Mumbai from the Eyes of a Delhite: Part 9
[This is the ninth in a series of blogs about Mumbai]
As the unexpected October heat began giving way to a more pleasant clime, Diwali descended upon us. Our office was due to be closed for two days- Tuesday and Wednesday. Like any true bred north-Indian would, I assumed we had holidays for Chhoti Diwali and Diwali/Lakshmi Puja, that is to say, I concluded Diwali was on Wednesday.
Maharashtra, however, I discovered just two days short of the festival, has never heard of the concept of ‘Chhoti Diwali’. They give a holiday for Lakshmi Puja and Bhau-Bij, which falls the day after Diwali! The main festival, I realized, fell on Tuesday. Thank God for a fortunate discussion with a colleague, else I would have had a belated celebration all by myself.
As the city started lighting up in preparation, I noticed another new phenomenon: the Kandeel. Undoubtedly inspired by Chinese lamps, these paper lanterns that light up the entire city of Mumbai- from verandas, to main roads to shops and restaurants- are definitely something I haven’t seen in such abundance in Delhi. In vibrant colours and varying sizes, the soft beauty of these lamps had me enchanted enough to hang one at the window above my bed.
More than the lantern, what really struck me as unique about this city is the collective spirit with which Mumbai celebrates all festivals- a togetherness that surpasses even religious differences. The day before Diwali saw me pleasantly surprised when my Christian maid wished me a Happy Diwali with a broad smile! On the day of Diwali, I spruced up my house in the traditional manner, got dressed in new clothes and lit candles upon my window and doorstep. Then remembering the sweet gesture of my Muslim neighbours, who had brought me a bowlful of sewaiyaan on Eid, I offered a basket of dry fruits to them. The lady’s effusive wishes and warm hug touched me as much as her desire to share Eid with me had. The city that had been torn apart by Hindu-Muslim riots many times before, showed the promise of happy coexistence if only left alone by political miscreants.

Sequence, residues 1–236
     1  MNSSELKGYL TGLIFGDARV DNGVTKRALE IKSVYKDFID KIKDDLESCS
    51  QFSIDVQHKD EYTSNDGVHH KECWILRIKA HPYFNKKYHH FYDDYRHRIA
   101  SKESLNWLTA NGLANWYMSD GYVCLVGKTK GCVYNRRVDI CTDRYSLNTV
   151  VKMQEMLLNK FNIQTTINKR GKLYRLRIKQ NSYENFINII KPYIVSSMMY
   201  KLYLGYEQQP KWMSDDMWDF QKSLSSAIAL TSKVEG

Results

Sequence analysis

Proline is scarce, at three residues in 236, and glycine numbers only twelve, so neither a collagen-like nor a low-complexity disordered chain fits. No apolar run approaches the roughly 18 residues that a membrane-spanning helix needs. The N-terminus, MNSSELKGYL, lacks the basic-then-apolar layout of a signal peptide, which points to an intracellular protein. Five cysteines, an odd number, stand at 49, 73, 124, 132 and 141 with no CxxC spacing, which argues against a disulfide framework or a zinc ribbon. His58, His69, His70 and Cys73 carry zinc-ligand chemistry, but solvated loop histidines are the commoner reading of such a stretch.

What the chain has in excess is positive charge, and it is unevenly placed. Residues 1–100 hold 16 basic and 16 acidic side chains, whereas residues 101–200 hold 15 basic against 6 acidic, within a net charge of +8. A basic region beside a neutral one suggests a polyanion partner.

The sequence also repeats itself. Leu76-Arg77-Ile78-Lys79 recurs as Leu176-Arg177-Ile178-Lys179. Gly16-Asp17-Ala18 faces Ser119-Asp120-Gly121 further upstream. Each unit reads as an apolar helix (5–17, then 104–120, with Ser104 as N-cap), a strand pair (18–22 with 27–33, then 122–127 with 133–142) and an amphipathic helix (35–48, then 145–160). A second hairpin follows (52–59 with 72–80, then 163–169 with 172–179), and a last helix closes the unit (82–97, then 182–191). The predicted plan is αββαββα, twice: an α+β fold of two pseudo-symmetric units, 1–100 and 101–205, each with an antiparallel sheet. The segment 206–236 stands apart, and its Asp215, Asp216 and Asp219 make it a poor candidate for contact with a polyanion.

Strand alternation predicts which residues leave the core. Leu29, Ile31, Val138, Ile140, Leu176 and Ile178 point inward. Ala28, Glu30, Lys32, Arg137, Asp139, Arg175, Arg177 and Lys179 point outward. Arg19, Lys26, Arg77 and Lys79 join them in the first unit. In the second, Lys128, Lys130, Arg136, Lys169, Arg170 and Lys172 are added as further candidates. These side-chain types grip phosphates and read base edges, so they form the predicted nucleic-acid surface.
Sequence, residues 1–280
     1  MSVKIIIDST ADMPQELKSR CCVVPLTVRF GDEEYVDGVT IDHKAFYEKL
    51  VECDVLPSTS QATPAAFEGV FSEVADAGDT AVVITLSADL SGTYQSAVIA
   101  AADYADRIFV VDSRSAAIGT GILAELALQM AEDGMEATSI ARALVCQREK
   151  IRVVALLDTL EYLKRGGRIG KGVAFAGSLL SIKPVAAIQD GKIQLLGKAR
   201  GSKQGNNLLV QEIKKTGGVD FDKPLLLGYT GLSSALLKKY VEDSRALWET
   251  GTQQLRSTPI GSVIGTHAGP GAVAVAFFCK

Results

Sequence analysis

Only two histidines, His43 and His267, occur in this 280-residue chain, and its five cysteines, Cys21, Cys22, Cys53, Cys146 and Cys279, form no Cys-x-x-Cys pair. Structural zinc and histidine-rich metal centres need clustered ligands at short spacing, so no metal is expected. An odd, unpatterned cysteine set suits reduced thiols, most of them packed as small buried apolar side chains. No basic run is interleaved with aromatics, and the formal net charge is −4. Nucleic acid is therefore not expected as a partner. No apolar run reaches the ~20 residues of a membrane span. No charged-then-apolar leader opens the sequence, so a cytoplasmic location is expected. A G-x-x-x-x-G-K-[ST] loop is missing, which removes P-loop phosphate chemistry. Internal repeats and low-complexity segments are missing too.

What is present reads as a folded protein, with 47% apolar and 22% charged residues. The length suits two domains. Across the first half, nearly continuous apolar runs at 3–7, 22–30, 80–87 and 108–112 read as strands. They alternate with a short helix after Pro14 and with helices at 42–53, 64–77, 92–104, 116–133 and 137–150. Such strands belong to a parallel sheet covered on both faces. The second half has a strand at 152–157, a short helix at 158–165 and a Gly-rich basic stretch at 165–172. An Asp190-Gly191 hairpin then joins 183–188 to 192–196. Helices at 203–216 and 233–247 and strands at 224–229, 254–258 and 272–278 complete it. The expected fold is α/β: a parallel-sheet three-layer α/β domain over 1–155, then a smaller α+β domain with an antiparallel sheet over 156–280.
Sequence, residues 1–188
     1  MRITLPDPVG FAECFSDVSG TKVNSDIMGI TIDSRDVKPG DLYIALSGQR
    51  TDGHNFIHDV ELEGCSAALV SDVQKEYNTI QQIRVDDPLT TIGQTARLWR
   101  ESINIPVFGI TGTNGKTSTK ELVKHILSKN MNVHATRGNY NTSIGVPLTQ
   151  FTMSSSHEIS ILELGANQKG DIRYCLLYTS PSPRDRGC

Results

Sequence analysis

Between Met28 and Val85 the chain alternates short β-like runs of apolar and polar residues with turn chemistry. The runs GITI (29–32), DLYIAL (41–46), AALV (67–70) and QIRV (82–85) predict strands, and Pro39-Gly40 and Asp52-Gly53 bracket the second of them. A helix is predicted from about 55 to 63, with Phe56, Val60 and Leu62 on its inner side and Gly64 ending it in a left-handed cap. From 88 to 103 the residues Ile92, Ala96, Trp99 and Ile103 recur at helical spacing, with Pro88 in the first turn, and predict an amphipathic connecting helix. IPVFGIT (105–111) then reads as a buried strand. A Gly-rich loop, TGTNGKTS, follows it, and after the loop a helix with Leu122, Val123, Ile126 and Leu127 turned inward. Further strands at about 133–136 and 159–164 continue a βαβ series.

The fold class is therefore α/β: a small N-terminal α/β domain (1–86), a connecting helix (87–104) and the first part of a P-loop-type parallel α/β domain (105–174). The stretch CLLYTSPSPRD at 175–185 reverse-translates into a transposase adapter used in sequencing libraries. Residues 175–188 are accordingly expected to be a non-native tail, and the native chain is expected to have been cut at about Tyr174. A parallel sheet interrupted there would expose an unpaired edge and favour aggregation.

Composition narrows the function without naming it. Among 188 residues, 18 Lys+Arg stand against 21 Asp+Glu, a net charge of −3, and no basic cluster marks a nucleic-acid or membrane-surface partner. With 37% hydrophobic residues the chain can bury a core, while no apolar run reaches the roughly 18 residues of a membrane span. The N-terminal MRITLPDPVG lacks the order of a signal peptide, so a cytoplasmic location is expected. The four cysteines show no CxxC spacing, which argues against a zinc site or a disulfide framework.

Closer to 9pm, I drove up to Marine Drive, the beautiful road that runs along the waters of the Arabian Sea, elegantly donning the Queen’s Necklace. Seated along the entire stretch of four kilometres were thousands of Mumbaiyas from all walks of life, watching on while anars, chakris, rockets, bombs and all assortment of crackers sparkled on the wide pedestrian path. While Mumbai has often been denounced for its lack of space and tightly packed communities, here was one pleasant outcome of this supposed imperfection- a communal celebration of the festival like I had never seen before.
Religion, background and community are all put away, when Mumbai decides to celebrate Diwali. What a beautiful thing to have witnessed first-hand!
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Piyushi Dhir is the author of 'In Search of Love', 'I'm Yours, The Next Time', 'Silent Promises' and 'Enmeshed Evermore'. She is a contributor in 'Nineteen Tales of COVID-19', a collection of short stories. A voracious reader, a keen traveler, a businesswoman and a mom, Piyushi currently resides in Canada. A nomad at heart, she loves to discover new places and capture the hues of life with her pen.